It seems that the only certainty about what a Trump presidency is going to mean is uncertainty. Trump’s predilection to “tweet first, think later”, his populist and protectionist campaign message, his frequent ‘policy’ reversals, and a wide spectrum of cabinet nominees all add up to confusion and therefore uncertainty in markets as well as in government halls around the world.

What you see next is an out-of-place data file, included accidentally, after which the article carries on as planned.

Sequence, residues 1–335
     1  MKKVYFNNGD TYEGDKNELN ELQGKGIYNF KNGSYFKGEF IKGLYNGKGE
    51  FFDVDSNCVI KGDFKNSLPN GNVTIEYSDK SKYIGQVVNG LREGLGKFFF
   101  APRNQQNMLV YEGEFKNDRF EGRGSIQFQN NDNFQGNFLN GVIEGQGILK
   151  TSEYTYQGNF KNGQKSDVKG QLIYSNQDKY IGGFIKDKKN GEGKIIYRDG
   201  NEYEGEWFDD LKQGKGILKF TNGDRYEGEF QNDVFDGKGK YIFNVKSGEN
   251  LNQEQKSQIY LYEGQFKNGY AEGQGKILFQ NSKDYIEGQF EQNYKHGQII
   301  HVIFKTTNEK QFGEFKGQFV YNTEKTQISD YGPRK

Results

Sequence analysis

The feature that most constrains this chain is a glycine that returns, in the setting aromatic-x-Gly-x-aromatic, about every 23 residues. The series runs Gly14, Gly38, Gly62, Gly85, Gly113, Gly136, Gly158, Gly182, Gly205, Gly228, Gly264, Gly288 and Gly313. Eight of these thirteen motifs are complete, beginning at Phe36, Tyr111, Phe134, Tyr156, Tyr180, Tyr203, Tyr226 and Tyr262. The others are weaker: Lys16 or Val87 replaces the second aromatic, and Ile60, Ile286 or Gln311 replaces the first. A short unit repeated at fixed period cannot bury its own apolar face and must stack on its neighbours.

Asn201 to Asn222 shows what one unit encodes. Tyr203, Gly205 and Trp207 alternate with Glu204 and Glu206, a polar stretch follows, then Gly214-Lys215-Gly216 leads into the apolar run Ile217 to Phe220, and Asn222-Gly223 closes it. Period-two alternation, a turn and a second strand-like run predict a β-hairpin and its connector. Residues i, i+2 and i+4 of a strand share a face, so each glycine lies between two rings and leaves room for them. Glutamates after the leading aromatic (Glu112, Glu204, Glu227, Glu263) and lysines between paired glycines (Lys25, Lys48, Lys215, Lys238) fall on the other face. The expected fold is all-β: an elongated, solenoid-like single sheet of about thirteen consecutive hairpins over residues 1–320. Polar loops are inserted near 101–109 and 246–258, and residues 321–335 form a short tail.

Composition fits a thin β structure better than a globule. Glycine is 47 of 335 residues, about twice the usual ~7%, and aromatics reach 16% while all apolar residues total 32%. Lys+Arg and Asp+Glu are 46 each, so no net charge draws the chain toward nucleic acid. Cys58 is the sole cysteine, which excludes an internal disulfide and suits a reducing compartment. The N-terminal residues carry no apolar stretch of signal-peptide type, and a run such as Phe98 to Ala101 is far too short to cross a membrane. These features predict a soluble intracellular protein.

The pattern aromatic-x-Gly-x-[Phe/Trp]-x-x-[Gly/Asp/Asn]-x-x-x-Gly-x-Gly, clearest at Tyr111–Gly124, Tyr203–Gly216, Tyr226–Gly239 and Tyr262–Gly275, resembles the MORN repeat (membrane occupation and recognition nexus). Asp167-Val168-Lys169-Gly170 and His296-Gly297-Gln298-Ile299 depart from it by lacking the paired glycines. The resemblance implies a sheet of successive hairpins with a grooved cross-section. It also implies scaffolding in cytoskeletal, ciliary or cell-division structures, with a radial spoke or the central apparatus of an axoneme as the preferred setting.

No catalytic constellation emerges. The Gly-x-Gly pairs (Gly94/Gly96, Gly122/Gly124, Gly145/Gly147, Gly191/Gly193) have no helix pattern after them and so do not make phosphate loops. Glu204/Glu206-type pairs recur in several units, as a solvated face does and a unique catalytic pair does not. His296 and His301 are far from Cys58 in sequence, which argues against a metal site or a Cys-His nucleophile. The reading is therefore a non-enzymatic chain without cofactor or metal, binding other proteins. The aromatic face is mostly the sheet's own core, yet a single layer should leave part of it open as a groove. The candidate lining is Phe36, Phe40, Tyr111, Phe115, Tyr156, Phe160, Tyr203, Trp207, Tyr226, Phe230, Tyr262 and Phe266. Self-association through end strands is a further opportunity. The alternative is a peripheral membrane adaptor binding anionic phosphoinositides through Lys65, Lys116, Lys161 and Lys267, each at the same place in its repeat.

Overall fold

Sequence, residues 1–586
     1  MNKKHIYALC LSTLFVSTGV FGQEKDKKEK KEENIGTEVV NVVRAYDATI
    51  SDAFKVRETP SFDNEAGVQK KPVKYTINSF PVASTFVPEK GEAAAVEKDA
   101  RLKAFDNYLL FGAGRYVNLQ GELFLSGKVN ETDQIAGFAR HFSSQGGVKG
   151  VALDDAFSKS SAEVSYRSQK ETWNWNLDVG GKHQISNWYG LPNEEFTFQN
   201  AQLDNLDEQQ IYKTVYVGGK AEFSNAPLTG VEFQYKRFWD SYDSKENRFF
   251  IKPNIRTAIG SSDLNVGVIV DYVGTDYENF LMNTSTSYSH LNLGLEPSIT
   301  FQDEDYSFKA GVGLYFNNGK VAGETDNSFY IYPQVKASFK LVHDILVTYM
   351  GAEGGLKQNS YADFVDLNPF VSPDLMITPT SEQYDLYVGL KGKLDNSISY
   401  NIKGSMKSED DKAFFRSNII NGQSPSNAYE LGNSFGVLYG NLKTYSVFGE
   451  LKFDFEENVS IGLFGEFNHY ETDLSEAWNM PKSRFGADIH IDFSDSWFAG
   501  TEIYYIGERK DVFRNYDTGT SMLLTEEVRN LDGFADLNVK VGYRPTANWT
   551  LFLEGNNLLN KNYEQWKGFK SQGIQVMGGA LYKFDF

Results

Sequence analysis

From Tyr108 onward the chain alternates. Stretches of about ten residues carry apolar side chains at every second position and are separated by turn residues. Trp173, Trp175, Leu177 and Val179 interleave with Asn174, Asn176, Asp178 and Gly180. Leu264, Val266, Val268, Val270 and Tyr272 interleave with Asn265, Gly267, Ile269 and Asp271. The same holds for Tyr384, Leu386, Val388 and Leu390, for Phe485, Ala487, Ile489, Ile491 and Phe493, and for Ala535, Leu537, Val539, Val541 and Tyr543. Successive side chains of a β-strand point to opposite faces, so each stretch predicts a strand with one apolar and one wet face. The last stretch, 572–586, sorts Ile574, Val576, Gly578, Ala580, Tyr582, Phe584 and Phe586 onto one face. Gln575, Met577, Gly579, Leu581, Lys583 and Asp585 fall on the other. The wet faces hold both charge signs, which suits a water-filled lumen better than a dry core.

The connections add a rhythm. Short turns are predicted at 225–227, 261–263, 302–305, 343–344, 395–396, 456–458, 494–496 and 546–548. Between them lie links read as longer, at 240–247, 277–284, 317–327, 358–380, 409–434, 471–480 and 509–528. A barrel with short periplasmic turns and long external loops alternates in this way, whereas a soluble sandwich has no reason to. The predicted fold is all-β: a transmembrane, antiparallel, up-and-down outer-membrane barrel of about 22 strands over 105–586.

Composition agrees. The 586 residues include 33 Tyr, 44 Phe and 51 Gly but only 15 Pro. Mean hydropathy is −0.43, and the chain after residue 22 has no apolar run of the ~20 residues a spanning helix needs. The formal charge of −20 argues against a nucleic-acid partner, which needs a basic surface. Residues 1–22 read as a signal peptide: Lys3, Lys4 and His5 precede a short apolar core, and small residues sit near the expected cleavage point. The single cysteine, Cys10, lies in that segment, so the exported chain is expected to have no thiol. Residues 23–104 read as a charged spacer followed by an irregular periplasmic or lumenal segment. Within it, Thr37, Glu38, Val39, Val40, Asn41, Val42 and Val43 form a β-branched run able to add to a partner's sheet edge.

There is a growing consensus that interest rates are headed up (there is so little downside that the odds favour this anyway), that risk premia will expand (due to volatility as well as economic and geopolitical risks), and that the greenback will remain strong. History would indicate that this combination generally leads to lower private sector investment and lower valuations around the world. Add to this the challenges that are appearing in regards US trade policy (the TPP has virtually no hope of surviving in its current state, tariffs may be introduced, and increased pressure will be brought on companies looking to move operations offshore) and global companies may well be looking at higher costs and reduced (or even negative) revenue growth. Naturally, ASEAN economics, currencies, and companies will not be spared this global volatility and uncertainty.